3

Got transferred to Tokyo by my company, and the trains are late almost everyday. When trains are late in the morning we send an email stating that we'll be late.

Customarily we end the mail with "ご迷惑おかけしますが、よろしくお願い致します。"

Writing it like this feels like I'm taking the blame for something totally out of my control.

Can I place the blame where it actually belongs, ending with something like "JR東がご迷惑おかけしてますが、よろしくお願い致します。"?

  • In English I would most likely just state that the trains are running late so I'll be delayed. – Y12K Apr 3 '17 at 1:39
  • Also how about 〇〇のせいで遅くなります。宜しくお願いします。 – Leo Apr 3 '17 at 1:46
  • I'm voting to close this question as off-topic because "Can I place the blame where it actually belongs" in a professional communication is a problem of manners, more appropriate for the Workplace Stack Exchange. Otherwise the question should be rephrased to "I want to sound utterly unprofessional; with what words can I achieve that in Japanese?" – macraf Apr 3 '17 at 2:06
  • @macraf I don't believe it's off-topic, because I'm asking about the content, not the context. If it was the circumstances surrounding sending the email instead of the content of the email I would have gone to Workplace-SE. – Y12K Apr 3 '17 at 2:20
  • 1
    @macraf I disagree. Accurately describing a situation/spinning a situation is an important part of business language. For example in English you wouldn't want to say "I'm sorry that my train is late. I apologize for inconveniencing you." Instead you might say something like "The chuo line is running late, but I'll get started on whatever I can from in the train. Thanks for understanding." – Leo Apr 3 '17 at 2:20
10

Japanese people say ご迷惑をおかけします and 申し訳ありません even when they are not to blame. As long as you adequately describe the situation, no one will think you are to blame. Likewise, when a Japanese person says ご迷惑をおかけします, すみません, 申し訳ありません or I'm sorry, you should not take it for granted that they admitted a fault. Saying JR東がご迷惑おかけしていますが in this situation sounds funny at least.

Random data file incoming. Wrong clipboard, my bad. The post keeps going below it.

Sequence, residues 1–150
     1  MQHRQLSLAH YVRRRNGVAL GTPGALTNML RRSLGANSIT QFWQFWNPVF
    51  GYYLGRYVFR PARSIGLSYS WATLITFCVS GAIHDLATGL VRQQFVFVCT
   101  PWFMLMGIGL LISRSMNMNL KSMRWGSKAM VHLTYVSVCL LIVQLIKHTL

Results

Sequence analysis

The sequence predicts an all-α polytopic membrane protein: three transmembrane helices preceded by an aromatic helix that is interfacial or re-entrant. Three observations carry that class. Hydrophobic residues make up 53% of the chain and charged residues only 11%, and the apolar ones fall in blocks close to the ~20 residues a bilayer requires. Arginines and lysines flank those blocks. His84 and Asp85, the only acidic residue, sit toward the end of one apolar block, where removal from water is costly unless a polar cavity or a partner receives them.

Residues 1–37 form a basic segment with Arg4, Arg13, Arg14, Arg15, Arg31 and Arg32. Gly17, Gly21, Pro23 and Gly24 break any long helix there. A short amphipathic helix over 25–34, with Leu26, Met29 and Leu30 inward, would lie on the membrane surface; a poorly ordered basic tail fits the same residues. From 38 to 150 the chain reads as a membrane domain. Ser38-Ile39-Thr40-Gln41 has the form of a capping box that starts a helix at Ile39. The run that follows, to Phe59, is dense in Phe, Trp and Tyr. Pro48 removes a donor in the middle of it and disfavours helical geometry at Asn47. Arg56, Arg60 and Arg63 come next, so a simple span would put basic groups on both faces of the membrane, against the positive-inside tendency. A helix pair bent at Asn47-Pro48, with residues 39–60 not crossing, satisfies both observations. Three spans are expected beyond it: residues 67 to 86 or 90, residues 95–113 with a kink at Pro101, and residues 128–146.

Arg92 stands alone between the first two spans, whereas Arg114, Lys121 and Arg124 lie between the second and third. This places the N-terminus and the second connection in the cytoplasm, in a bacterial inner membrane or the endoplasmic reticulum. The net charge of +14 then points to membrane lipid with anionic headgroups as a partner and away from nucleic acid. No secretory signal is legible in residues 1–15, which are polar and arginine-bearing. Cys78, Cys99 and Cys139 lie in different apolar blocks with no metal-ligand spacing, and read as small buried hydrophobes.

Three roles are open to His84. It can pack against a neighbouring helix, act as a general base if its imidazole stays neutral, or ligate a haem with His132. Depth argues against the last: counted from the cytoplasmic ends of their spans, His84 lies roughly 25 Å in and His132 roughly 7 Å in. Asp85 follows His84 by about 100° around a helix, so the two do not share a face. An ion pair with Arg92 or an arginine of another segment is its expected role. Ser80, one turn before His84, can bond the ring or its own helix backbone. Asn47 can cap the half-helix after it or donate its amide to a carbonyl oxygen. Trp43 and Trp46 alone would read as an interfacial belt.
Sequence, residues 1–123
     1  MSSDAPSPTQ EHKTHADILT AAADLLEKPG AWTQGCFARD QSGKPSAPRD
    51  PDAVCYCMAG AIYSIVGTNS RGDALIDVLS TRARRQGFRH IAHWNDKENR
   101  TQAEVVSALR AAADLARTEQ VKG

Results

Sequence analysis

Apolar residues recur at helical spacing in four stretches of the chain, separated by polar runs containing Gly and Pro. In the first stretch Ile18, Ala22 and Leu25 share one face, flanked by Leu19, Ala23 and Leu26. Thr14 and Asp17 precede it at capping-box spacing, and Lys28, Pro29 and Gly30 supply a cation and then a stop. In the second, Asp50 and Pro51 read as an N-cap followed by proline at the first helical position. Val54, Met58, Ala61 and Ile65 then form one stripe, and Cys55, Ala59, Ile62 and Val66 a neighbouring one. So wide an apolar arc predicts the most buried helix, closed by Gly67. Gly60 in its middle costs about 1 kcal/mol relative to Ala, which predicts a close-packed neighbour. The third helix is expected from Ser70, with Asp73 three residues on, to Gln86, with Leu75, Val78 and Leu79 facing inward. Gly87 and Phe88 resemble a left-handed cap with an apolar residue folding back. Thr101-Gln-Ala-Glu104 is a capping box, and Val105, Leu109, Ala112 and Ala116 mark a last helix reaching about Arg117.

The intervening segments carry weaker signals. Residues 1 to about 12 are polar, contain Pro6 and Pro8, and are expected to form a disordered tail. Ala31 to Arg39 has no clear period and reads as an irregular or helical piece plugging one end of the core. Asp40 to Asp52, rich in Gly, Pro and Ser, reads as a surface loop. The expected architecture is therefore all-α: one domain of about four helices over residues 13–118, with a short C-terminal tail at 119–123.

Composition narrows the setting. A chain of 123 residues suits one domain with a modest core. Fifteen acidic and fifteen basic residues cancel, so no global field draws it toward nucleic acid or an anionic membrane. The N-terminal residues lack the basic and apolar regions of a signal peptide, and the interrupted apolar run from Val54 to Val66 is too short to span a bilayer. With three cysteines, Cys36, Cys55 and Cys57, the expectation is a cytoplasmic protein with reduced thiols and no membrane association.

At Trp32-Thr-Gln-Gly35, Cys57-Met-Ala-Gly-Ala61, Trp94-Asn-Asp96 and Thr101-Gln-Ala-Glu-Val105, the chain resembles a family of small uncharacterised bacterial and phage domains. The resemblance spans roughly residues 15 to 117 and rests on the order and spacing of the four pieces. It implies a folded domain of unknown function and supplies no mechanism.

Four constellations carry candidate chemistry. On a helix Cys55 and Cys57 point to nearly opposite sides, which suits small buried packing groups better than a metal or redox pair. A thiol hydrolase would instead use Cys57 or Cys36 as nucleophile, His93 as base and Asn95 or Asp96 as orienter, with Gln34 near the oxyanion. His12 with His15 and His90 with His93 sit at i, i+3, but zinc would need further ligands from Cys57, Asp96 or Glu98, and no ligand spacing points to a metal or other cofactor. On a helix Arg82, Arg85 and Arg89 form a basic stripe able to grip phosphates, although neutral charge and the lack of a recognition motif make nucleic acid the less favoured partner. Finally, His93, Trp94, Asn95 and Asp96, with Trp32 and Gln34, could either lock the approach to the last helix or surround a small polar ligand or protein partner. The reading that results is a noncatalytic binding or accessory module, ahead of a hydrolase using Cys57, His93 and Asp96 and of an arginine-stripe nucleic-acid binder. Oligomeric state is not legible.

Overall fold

After all, JR East is saying 電車が遅れまして大変申し訳ありません all the time even when the company is not to blame at all. If heavy snow stopped a train, a conductor usually says ご迷惑をおかけしています. If someone jumped in front of a train, the company says 大変申し訳ありません. That's what JR East is expected to say as a reliable company, and that's also what you are expected to say as a responsible businessperson.

  • Good points. Explains the connotation behind the phrase. – Y12K Apr 3 '17 at 2:33
  • 1
    "Japanese people say ご迷惑をおかけします and 申し訳ありません even when they are not to blame." How far do you think that this actually extends? For example: If a bird pooped on a restaurant guest would the server say ご迷惑をかけしました? If another customer spilled beer on me would the waitstaff apologize to me? If the electricity went out and I couldn't do a powerpoint presentation should I say ご迷惑をかけました? I think this is the core of the problem. Obviously the "apologies" can extend to things outside of your control but exactly how far do they go and how much of the responsibility are you actually taking? – Leo Apr 3 '17 at 2:49
  • @Leo that's true, but if we start debating the extent I'm not sure we could get a definite answer and seems like it would become speculation. If it was in legal terms would be interested in the level of responsibility though... – Y12K Apr 3 '17 at 2:54
  • 3
    IMO... "If a bird pooped on a restaurant guest" → This may not be a good example because I think the restaurant should control it. "If another customer spilled beer on me" → No, it's the customer who have to say sorry. "If the electricity went out" → Yes, you can naturally say すみません/ご迷惑を… although you don't have to. – naruto Apr 3 '17 at 3:07
  • 1
    @Leo any one of your examples can (reasonably or not) be thought of as the fault of the business owner. Snow on tracks → could have engineered better trains. Suicide by train → could have made it more difficult to get on the tracks in the first place. Bird poop → could have sealed off outdoor seating better. Another customer spilling beer → could have had more space / separators between customers. Even natural disasters can be expected by some degree. Not designing/engineering against it is taking a risk. Now, whether you would actually be responsible depends on laws/agreements. – Amani Kilumanga Apr 3 '17 at 7:04

Your Answer

By clicking “Post Your Answer”, you agree to our terms of service, privacy policy and cookie policy

Not the answer you're looking for? Browse other questions tagged or ask your own question.